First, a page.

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Hybrids explainedMild v Full v Plug-in v Extended Range Electric Vehicle

With the recent launch of the Mitsubishi Outlander PHEV (plug-in hybrid electric vehicle), it’s probably a good time to look at the state of play in Hybridland.
What’s a hybrid?

Any vehicle with two different types of motor can be considered a hybrid. In cars this usually equates to a petrol motor being paired to at least one electric engine. The Mercedes-Benz E300 BlueTec Hybrid is the only diesel-electric hybrid currently available in Australia.

There are two main ways of classifying hybrids: drivetrain layout or the level of hybridisation. In this article, we’ll be using the latter method but, rest assured, we’ll dive into the nitty gritty of hybrid drivetrains in a future feature.

Honda CRZ with storm clouds
Mild hybrids

Unlike other hybrid systems, the electric motor in a mild hybrid can’t propel a car on its lonesome. Its main tasks are to start the engine, give a bit of assistance during acceleration and provide regenerative braking.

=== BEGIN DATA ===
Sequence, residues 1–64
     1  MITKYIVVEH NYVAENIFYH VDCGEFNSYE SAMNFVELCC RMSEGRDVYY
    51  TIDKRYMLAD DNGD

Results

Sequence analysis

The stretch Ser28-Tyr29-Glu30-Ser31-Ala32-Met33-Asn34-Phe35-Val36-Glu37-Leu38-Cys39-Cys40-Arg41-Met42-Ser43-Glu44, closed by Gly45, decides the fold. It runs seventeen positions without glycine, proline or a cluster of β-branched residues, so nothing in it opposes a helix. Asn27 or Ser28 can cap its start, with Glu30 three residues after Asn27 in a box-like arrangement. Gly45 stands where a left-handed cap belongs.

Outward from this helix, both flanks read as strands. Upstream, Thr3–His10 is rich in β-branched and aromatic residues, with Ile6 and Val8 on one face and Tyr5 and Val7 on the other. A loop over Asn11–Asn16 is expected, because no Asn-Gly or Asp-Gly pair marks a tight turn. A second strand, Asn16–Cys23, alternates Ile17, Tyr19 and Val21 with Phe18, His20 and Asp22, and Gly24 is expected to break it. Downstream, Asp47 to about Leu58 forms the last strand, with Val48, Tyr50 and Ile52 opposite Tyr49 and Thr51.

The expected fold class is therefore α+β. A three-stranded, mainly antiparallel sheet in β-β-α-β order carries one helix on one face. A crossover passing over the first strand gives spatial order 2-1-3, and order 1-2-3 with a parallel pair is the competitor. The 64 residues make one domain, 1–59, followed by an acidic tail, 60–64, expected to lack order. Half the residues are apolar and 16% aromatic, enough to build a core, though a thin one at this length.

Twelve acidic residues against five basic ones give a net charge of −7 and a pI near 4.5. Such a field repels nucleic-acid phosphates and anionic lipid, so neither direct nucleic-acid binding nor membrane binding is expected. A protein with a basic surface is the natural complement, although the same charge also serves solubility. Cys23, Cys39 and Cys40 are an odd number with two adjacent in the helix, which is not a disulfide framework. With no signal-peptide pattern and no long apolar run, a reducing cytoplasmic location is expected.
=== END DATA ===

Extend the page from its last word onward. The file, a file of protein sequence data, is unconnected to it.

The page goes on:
In a mild hybrid the petrol engine is always running, unless the car’s stopped or the speed is below about 8km/h and you’re coming to a complete stop. Given that the electric motor has a limited role, it doesn’t need to generate much power and therefore the battery pack isn’t required to store much energy. This all helps to reduce the size, weight and cost of the drivetrain.

You can think of a mild hybrid drivetrain as essentially an advanced automatic engine start/stop system. The driving experience isn’t too dissimilar, but with a few important differences.


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